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Keerti Patil
Photo of the Big Red Bus that runs the blood drive

Annually, around this time of year, our school arranges a bloodrive. The bloodrive is hosted by The Big Red Bus and Health Academy Students. The Big Red Bus is a mobile blood donation center managed by OneBlood. These portable donation centers can be found around schools, businesses, religious organizations, and community gatherings. These donation centers visit schools because there are numerous students willing to donate blood. This is a great thing, because it really gets students to be involved in the issues in their community and/or their overall environment. 


How Does Donating Blood Impacts The Community?

There are multiple reasons why students would choose to join in donating. For example, blood drives at schools are a way for students to participate in a community service project that also saves lives. They also provide leadership opportunities and promote teamwork. Blood drives help patients who are critically ill including cancer patients, premature babies, and accident and burn victims. These patients depend on the generosity of blood drive coordinators and blood donors to help ensure a reliable blood supply. Blood drives also help students experience the value of volunteering, community involvement, and altruism. 


What Do They Do?

The organization conducts check ups which include blood pressure, pulse, body temperature, iron count, and cholesterol screening. ID is also required in order to complete the transaction. The drive began on Tuesday, September 19 and went on until near the end of the school day. The organization only removes one pint of blood and on average can save about four lives.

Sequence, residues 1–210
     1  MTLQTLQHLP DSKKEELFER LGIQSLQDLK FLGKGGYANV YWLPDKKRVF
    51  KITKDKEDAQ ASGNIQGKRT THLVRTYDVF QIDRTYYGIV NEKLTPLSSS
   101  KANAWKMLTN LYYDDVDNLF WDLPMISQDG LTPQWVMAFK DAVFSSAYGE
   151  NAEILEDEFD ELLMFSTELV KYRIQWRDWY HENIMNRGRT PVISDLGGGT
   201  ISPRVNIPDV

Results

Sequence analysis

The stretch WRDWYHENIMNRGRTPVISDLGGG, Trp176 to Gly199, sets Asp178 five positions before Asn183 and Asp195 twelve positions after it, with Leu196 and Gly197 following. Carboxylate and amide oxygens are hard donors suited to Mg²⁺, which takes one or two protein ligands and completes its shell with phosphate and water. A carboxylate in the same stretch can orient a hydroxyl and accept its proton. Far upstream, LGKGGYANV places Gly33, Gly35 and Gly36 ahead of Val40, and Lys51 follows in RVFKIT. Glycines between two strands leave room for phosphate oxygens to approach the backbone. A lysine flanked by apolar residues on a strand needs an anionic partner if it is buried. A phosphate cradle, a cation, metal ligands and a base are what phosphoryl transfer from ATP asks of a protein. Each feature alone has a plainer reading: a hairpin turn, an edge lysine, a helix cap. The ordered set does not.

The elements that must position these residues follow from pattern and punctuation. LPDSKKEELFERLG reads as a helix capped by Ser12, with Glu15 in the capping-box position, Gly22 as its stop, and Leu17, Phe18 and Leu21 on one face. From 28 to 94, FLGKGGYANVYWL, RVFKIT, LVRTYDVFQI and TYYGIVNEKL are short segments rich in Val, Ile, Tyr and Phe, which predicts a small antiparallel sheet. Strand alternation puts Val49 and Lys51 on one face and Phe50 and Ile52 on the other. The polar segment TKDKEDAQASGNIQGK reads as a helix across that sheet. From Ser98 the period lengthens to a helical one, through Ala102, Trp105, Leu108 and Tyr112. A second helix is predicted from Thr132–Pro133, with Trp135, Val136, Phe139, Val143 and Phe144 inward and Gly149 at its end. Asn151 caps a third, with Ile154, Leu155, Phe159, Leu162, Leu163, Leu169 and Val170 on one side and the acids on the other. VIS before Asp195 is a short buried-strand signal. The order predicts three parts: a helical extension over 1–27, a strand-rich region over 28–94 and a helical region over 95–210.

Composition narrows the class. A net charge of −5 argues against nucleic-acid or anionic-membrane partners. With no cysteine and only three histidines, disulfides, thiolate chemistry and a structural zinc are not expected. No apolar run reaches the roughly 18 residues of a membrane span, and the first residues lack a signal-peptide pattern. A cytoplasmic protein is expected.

If one is doing a blood donation through their school, there are many aspects that need to be taken into consideration. Firstly, a donor needs to be at least sixteen, and if they are sixteen, they still need their parents’ permission. If a student is 17+ they do not need a permission slip and some sort of ID is required either a driver’s license or even just a school ID card. According to One Blood, there are a lot of precautions one can take. The first one would be to drink plenty of water. Eating certain foods is also very important. A student should probably eat a light healthy meal and avoid foods that contain fat in them. 


Carolyn Peguero Nieves, a junior, says “I really liked the process; it was easy and simple.” An anonymous source says: “Even though I almost passed out, the nurses were really nice, making sure I was okay and giving me extra food throughout the day.”


With new scientific and medical research, some of the requirements for donating blood have changed, even from a decade ago. The Seminole Times reported in 2012 that donors had to be a minimum of 102 pounds. Now, that number has been raised  to 110 pounds. In 2012, a student could not have gotten a tattoo, body piercing, or a vaccine six months prior to donating. That wait time has now increased to twelve months. 


The blood drive is a tradition here at Seminole High School (SHS), and not only does it help the students, but it helps the students feel like they are truly participating in something special.  Some students might not be comfortable, and that’s completely okay. Although, if a student wants to do it, they absolutely should to help donate to the community and save others with their healthy blood.

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